So not much has changed except everything, but most of the distinctions are blurred so it continues to look as if not much has changed. I love crazy ideas that fuck with the obvious. Like, you know how scientists say that, within a span of 7 years, every cell in your body has regenerated? That’s the kind of shit that gets my attention. Because that means I could see you today and, then, when I see you again in 7 years, you would be an absolutely different entity. Nothing of the you I knew will be the same and yet we’d still call you you. If your name is Jim, the ONLY thing that remains the same is the word “Jim”. Now we can start goofing with ideas like reality itself being constructed with the bones of grammar. There’s no selfsame person to whom we apply the name Jim; Jim is the word that gathers up and calls forth the Jimhoodness of this thing we call a “person named Jim”.
Is this the truth? Real? Verified by science? Who cares? It either interests you or it doesn’t. For me crazy ideas are generative; they open up alternative ways to live in and experience the world, which makes everything a lot more interesting and exciting than what everybody takes to be so obvious. People who hear this and say with sputtery disdain “Of COURSE we’re still US! Myah Myah Myah. So OBVIOUS! DUH!” have already stopped reading this post. If you’ve made it this far, we must be interested in the same kind of goofy things. Or if you’re forcing yourself to keep reading just so you can say “See? Black Hockey Stupid FACE is a stupid pretentious TWAT,” you might go look into reading some self-help books, partner. Go light. Take it slow.
For Hakuun Yasutani, being regenerated every 7 years is a far cry from radical. In his commentary on Dogen’s Genjokoan, Flowers Fall, he mentions that our bodies are created and destroyed 6,400,099,980 times a day. (!!!)—how can you not love Buddhism? Ideas like that are so exciting (and probably borne out by quantum physics but, again, science schmience). The frickin implications are boundless. Ultimately unfathomable. But, at the very least, wouldn’t it be a tad bit liberating to conceive of yourself as being in the midst of a constant process of rejuvenation as opposed to being the same old sack of shit for 80 years. The former generates awe and poetry. The latter generates, well, a sack of shit—albeit an OBVIOUS sack of shit. Commonsense, as they say.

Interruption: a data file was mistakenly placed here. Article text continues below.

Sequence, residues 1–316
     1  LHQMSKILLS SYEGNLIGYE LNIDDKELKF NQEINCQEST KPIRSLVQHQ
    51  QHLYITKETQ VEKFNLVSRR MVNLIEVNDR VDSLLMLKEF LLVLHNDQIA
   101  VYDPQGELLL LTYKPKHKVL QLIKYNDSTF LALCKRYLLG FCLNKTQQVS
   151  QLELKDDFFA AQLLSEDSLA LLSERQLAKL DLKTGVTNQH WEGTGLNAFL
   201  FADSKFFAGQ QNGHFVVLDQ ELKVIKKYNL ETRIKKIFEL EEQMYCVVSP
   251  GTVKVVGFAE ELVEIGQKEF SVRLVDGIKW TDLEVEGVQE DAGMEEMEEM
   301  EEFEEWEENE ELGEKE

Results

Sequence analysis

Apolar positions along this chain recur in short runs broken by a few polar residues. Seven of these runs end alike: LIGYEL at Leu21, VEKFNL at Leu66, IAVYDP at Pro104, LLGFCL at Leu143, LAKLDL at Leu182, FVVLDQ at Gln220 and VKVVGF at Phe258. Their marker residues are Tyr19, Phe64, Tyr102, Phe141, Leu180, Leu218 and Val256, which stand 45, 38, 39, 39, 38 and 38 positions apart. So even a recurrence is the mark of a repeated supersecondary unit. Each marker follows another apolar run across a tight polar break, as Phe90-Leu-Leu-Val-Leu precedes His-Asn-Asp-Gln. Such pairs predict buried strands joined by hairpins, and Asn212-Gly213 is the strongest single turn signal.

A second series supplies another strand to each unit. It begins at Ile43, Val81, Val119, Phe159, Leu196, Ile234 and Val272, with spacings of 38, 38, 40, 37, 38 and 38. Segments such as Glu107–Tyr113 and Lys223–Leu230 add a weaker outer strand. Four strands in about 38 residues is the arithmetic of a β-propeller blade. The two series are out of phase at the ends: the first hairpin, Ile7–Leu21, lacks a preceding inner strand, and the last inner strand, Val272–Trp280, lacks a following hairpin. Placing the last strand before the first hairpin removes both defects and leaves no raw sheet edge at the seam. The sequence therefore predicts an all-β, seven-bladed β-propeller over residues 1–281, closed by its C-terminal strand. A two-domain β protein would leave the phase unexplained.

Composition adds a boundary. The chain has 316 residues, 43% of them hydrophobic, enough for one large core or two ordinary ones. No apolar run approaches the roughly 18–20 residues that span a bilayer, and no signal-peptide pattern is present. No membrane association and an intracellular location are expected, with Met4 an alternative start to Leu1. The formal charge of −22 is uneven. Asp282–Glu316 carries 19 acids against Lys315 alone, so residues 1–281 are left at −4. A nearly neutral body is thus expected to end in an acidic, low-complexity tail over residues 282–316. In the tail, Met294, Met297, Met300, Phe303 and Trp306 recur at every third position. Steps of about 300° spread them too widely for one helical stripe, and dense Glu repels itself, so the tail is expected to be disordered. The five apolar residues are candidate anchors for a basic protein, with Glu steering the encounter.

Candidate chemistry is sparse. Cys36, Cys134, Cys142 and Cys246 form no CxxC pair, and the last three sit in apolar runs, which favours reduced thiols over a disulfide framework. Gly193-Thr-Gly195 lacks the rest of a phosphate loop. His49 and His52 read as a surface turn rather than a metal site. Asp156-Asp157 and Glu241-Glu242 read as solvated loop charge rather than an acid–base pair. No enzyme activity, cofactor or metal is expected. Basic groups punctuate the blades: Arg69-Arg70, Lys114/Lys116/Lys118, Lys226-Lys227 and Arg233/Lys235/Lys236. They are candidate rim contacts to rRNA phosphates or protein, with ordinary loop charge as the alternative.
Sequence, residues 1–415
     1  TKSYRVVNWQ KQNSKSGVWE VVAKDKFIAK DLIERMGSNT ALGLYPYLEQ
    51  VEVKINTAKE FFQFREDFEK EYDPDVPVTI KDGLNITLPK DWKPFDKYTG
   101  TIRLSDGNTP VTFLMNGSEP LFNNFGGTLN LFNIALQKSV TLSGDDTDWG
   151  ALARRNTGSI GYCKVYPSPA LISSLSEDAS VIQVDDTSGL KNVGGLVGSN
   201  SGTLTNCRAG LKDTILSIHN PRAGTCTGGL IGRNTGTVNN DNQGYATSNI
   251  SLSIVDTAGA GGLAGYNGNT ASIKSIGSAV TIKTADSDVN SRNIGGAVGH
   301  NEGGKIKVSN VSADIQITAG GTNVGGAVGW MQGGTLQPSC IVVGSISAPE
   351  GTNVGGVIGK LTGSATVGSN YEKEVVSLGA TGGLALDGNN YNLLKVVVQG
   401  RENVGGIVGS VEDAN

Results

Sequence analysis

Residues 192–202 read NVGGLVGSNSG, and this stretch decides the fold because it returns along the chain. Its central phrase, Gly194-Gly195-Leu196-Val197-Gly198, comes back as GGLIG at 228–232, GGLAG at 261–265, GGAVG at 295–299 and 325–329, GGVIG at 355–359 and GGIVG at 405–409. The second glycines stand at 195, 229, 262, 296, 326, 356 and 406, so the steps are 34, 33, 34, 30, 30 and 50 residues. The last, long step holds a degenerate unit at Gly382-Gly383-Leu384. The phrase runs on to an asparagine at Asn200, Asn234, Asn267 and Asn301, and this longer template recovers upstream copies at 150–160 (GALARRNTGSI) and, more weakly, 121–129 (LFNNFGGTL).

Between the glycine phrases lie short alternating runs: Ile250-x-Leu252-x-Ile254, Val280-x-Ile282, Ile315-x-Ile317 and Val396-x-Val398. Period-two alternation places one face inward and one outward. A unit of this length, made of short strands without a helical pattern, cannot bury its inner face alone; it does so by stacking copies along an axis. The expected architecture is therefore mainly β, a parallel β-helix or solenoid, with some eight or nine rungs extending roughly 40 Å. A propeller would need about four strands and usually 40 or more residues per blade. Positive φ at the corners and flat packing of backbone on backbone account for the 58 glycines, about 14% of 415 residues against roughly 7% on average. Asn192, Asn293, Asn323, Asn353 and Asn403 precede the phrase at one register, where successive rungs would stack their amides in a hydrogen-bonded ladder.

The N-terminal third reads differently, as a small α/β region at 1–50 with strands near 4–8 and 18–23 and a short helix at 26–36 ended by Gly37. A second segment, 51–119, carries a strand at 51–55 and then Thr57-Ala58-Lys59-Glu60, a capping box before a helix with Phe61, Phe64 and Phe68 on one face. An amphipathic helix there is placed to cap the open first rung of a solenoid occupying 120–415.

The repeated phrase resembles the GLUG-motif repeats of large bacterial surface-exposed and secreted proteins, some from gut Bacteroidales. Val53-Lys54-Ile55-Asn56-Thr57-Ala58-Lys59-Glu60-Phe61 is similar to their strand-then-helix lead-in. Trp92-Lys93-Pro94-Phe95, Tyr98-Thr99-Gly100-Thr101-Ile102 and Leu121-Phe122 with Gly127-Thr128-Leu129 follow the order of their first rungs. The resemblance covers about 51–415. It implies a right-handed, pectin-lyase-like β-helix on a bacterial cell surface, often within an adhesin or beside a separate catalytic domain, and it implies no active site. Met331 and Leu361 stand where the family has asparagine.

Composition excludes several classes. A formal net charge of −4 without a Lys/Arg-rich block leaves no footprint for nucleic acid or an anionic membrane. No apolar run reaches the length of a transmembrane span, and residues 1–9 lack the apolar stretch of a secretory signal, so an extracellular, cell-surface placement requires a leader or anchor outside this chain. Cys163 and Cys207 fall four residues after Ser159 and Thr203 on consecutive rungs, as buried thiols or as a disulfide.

Anyway, not much has changed except everything. I got a tattoo of Miro’s Bleu II across my hip, a painting that expresses Miro’s obsession with the landscape of dream and infinity. How many of you noted, just now, the way I leapt from ceaseless flux to the permanence of a tattoo? Stay on your toes. Me and Gwen are taking off for 2 weeks to go stay in a little cottage on the shore of a little island. I am for the most part excited about this trip except my study of the island revealed an above average density of snakes, like, everywhere. My imagination wavers between a smiling Gwen in a black bikini on the sunny beach and the need to watch my step on an island sized Indiana Jones snake pit. I’ll need to train for my half-marathon on the island and snakes. I’m beginning to lose control of this post’s sentence structure snakes. I’m exaggerating, of course. Mostly. Or not. Snakes are fucked up. Though none of the island’s snakes are poisonous, none of them have legs and they generate locomotion with naught but pure evil. One of the prevalent species is called the smooth green snake and this motherfucker is a bright and horrible shade of green found only in the palette of nightmares. Gwen grew up in the Indonesian jungle so she’s acclimated to an occasional python in the tree or cobra on the path but, as far as I’m concerned, fuck a green snake.
From the cool comfort of this airport, waiting to fly to Chicago, I can logically appreciate the fact that my fear of snakes is completely irrational. However, in the presence of an actual snake, fear’s irrationality trumps logical appreciation. Fear of snakes simmers beneath the skin, in my blood, lurking, like a coiled up snake, in the cellar of my brain. My frontal lobes can tell me all day long how they’re not poisonous or they don’t bite or it’s only 6 inches. But a real snake slashes into me like that streak of red on Miro’s blue background. From whence this fear of the serpent?
I’m still sober, quickly approaching a year, but focusing only on not taking a drink during the day in which I happen to find myself. For instance, today is June 29th and, certainly, I can get my head to a pillow tonight without taking a drink or 9. Each moment, 6,400,099,980 times a day, is a decision, a prayer, not only for me but for you as well: that your island vacation may be free of snakes, that someday, everyday and every moment, you arise into a sense of renewal, and that consciousness itself will appear to you as a great and constant prayer. Nothing need change, and everything after.